Following an initial enquiry, Tim will meet the prospective Client to discuss the scope of works and make a preliminary assessment of the building. This process is free-of-charge to the Client and a fee proposal will be forthcoming.
Upon appointment, the first step is to undertake a measured site survey. Depending on the scope of works, the survey may include the entire building or only those parts of the building which will be affected by the proposals. The measured survey is an opportunity to understand a building, how it has been constructed, its evolution, its flaws and defects.
Having produced a set of plans, elevations and sections as existing, the design process may begin and draft proposals will be prepared for discussion with the Client. The evolution of the proposals is frequently a dialogue between Client and Architect - and, sometimes, other professional consultants such as a structural or services engineer - and the length of this process will, naturally, depend on the complexity of the building and what is being asked of it. Once the proposals are finalised an application for Planning Permission and/or Listed Building Consent can be submitted to the Local Authority. The applications will be accompanied by Design and Access Statements and Listed Building and Conservation Area Assessments which are prepared by Tim Ellis together with any further specialist reports such as bat surveys or arboricultural reports.
Following the receipt of statutory consents, the next stage in a project is usually to submit an application for Building Regulations approval; this being a technical description of the proposed works. The input of structural proposals from an engineer is often required and Tim will coordinate the input of other consultants.
Simultaneously with the Building Regulations application, or shortly after, working drawings are commenced - these primarily cover joinery details which will need to be submitted to the Local Authority for approval if Conditions have been attached to the Planning Permission and Listed Building Consent. The working drawings enable building contractors, and sub-contractors such as joiners, to price the work and ensure that, where appropriate, new works match historic details. Services layouts are also produced scheduling the quantities and positions of electrical fittings and wet services such as radiators and taps.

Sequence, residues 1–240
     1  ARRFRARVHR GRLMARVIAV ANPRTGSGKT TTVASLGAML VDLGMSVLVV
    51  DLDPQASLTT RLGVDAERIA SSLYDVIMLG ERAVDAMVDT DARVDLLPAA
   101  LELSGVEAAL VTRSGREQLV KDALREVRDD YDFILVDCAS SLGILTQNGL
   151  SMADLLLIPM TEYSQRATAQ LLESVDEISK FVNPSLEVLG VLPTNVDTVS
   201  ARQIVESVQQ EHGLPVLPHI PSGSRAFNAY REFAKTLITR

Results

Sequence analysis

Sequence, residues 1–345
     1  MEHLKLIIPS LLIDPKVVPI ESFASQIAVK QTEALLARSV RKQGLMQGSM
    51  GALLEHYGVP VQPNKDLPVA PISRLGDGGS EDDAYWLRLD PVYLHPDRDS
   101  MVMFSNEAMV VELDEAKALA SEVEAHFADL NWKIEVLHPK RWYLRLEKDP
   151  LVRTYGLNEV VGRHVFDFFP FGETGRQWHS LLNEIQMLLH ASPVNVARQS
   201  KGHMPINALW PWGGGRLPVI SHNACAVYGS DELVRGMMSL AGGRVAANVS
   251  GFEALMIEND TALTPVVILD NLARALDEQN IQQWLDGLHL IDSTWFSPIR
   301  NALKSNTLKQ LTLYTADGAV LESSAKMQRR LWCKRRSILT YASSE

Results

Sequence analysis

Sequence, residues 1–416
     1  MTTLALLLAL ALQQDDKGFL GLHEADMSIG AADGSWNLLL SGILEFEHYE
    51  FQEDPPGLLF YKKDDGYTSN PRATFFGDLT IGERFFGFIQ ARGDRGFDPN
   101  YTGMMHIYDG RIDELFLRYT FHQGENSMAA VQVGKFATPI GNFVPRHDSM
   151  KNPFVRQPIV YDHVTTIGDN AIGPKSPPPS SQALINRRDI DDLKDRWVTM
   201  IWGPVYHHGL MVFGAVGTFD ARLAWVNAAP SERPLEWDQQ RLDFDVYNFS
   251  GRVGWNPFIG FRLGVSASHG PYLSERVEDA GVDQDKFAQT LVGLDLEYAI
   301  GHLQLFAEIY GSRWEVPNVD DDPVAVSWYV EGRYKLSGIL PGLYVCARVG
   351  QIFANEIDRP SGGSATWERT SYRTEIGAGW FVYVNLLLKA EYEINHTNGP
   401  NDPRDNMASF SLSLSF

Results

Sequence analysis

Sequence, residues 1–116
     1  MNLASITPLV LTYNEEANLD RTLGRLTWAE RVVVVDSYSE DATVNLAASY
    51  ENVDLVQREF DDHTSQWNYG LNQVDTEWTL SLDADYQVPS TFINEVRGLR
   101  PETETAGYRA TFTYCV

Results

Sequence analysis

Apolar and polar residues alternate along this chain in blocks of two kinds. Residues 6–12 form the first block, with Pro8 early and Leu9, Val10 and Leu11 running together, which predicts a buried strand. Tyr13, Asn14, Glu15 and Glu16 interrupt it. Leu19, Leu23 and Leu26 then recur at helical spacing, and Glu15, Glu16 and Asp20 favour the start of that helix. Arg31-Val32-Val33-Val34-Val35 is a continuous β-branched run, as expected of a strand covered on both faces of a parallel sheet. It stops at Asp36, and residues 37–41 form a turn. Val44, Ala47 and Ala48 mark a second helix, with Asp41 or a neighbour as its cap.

On completion of the drawing work the next stage, unless the Client is confident and capable of taking the project from here, is the preparation of a Schedule of Works which can include the specification of items not described by the drawings - this might include the selection of tiles, electrical fittings, kitchens and bathrooms and paint colours. Usually the Client will select and specify these items thus the Schedule of Works may only allow for the fitting of items which the Client is to supply.
Tim will obtain competitive tenders from local building contractors and will meet contractors on site to explain the project and answer questions.
Once a contractor has been appointed the architect's role becomes one of contract administration; checking valuations and issuing Certificates together with making site inspections, dealing with day-to-day queries and providing additional construction information when this is required. Lastly, defects liability inspections are carried out typically six months after building works are complete and sometimes twelve months later in the case of services to ensure that, in the case of heating installations, they have been tested in all seasons.